UW Oshkosh responds to George Floyd death, UW System continues to struggle with bigotry

Joseph Schulz, Managing Editor

Oshkosh Protest
Photo by Jack Tierney — Peaceful protests have been held in Oshkosh and around the country, calling for an end to systemic racism and police brutality.

As protests erupt across the country demanding an end to systemic racism, the UW Oshkosh Police Department and campus administration are taking steps to address the issue.

In response to the May 25 killing of George Floyd by a Minneapolis police officer, which triggered a national movement calling for criminal justice reform, UWOPD Chief Kurt Leibold on Friday announced the passage of a resolution that aims to increase input from underrepresented community members. 

“We felt that a resolution was the appropriate way to share our thoughts, offer our apology, promise to serve our community to the best of our abilities and recommit to being a police department with the highest ethical and professional standards accountable to people whose lives we are sworn to protect,” Leibold wrote in a campuswide email.

The resolution says the department will increase community feedback and “thoroughly review every use of force incident” to determine if an officer’s actions were necessary to resolve the situation. 

Additionally, the department will take proper disciplinary action after an officer takes inappropriate police actions, the resolution stated.

Also on Friday, UWO Chancellor Andrew Leavitt announced that the university is investigating racist Instagram posts from a female who says she’s a UWO student. 

Leavitt says the university is working to verify the authenticity of the posts, account and its potential connection to UWO.

“This much is clear: the content of these posts is disgusting and an outrage. It is against everything we stand for at UW Oshkosh,” Leavitt said in a written statement. “We do not tolerate expressions of racism and hate.”

Leavitt also denounced anyone who would use “appropriated images and imposter social media accounts to spew such bigotry in attempts to disgrace and divide us.”

He added: “Black lives matter and must always matter. As we speak out, we also listen and look within, searching for the systemic change that UWO can help make to achieve justice and lasting equality.”

The investigation comes after Leavitt and the Oshkosh Student Association released statements last week responding to Floyd’s death. 

Leavitt wrote that he was saddened by Floyd’s death, calling it the latest example of “explosive accounts of bigotry around the nation.” 

He noted racism needs to be stopped, and that UWO has a crucial role to play in raising awareness and building understanding. 

“We also commit to the never-ending work of making our campuses safer places in which to learn, live and serve,” Leavitt wrote. “That requires personal reflection and responsibility. And it demands just, transparent and accountable systems, be they higher education or law enforcement.”

The OSA released a statement in opposition of systemic racism, and offering support to students struggling with bigotry.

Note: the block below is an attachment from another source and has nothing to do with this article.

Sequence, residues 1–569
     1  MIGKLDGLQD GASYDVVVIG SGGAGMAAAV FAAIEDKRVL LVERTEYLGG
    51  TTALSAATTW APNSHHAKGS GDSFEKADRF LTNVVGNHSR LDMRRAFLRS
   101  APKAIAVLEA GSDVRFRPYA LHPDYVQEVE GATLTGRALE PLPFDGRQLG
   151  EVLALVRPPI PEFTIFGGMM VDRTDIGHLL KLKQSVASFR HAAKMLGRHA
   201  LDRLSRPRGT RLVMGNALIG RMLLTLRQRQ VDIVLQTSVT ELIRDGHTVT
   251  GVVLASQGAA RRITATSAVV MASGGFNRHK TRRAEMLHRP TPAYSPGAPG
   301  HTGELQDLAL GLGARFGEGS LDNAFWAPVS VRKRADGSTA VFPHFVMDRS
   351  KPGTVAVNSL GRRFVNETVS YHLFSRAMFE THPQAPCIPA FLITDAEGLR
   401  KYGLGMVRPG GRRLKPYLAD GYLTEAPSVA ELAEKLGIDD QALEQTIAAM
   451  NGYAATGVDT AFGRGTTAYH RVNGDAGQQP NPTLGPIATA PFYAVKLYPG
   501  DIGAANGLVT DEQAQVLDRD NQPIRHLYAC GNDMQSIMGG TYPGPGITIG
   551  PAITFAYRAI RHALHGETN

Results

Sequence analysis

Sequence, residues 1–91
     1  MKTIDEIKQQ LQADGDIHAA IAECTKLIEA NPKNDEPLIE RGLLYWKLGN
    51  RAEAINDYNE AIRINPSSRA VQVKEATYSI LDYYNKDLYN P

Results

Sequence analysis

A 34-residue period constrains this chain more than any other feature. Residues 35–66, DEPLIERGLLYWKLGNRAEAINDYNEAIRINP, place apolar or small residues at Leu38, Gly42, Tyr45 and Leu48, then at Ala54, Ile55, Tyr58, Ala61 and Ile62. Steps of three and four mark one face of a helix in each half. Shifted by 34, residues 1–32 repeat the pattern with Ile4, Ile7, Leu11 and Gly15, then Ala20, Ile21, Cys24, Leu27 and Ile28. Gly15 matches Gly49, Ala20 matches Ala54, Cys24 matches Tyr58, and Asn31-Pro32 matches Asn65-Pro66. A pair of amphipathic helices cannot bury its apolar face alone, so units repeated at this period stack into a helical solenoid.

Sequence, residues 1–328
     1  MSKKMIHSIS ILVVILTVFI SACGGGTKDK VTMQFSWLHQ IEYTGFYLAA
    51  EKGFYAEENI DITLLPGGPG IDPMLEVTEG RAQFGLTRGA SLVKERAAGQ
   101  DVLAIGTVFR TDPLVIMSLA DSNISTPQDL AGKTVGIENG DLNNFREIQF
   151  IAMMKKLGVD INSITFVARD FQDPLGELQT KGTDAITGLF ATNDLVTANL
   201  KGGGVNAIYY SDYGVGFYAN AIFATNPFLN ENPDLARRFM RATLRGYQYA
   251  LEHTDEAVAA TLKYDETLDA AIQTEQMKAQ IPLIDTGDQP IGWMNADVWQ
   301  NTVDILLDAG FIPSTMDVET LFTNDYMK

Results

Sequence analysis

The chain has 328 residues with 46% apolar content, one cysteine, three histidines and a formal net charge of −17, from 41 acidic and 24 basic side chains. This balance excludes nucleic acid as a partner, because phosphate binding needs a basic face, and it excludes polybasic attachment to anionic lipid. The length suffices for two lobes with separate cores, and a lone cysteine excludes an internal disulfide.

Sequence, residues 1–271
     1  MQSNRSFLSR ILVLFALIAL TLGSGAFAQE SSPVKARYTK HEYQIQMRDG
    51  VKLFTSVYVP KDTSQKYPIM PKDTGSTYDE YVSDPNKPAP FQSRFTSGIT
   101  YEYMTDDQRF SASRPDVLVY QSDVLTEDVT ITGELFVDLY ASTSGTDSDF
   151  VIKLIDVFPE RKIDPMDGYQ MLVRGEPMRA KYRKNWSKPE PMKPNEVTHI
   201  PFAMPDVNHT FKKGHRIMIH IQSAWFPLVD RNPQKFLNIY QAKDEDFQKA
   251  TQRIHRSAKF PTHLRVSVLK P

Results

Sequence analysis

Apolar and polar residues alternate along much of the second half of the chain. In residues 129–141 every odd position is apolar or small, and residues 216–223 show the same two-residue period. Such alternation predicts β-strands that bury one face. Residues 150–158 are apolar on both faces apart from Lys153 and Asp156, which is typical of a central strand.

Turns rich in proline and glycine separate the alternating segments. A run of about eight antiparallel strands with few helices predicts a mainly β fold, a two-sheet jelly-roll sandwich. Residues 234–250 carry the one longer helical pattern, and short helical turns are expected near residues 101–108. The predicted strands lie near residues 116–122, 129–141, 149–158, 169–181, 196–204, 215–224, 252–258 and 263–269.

“We believe that everyone is worthy of dignity and respect,” OSA wrote. “Regardless of race, ethnicity, gender identity & expression, sexual orientation, religious beliefs, socioeconomic status and any other factor, our diversity makes us stronger; it’s who we are.”

However, recent events aren’t the first time campus officials have responded to racism. During the student government elections last March, a member of the college Republicans used derogatory language on Snapchat toward two OSA candidates.

The Snap displayed a picture of two white male candidates with a caption that read: “UWO Vote for these guys today unless you want a lesbian or a hmong to win.”

Then in April 2019, a UWO student tweeted photos from inside another student’s house. One photo showed a whiteboard that read: “No… liberals, Jews, Muslims, Queers or Hmongs.” The other pictured UWO students partying in front of a handmade swastika sign. 

After those images surfaced, campus administrators held an open forum and Leavitt released a statement condemning the images. 

“To anyone who brings hate into the University of Wisconsin-Oshkosh community, I invite you to leave,” Leavitt said. 

While university officials continue to condemn racism, bigotry continues to appear at campuses across the UW System.

In March, The Capital Times reported that UW-Madison saw 81 bias incidents during the spring semester, with 47 involving Asian or international students.

At UW-Milwaukee, The Milwaukee Journal Sentinel reported in February that Almond Moone, a 20-year-old African American of Janesville, was wrongly charged out-of-state tuition after receiving in-state tuition at UW-Rock County.

Moone owed UW-Milwaukee nearly $13,000, and the campus only waived her debt after the Journal Sentinel reported that she was wrongly charged.

Also in February, a former UW-Milwaukee student’s discrimination lawsuit against the UW System Board of Regents was dismissed by the Seventh Circuit U.S. Court of Appeals.

Cherakei Griffin, a female African American student, initially sued the Board of Regents and UWM in April 2019 for allegedly charging her out-of-state tuition despite her being a Wisconsin resident.

In a Feb. 27 filing, Griffin wrote that Moone recieved “over 90% of the same discriminatory profiling” as she did, which is “indicative of a serious pattern and practice of racist and sexist discrimination against minority female students.”

In a media briefing Thursday, Gov. Tony Evers described racism as a public health crisis and called on Wisconsin to begin addressing systemic racism.

“We must fix what we know is broken in our society,” Evers said. “We must intentionally address and dismantle individual and systemic racism, discrimination and bias.”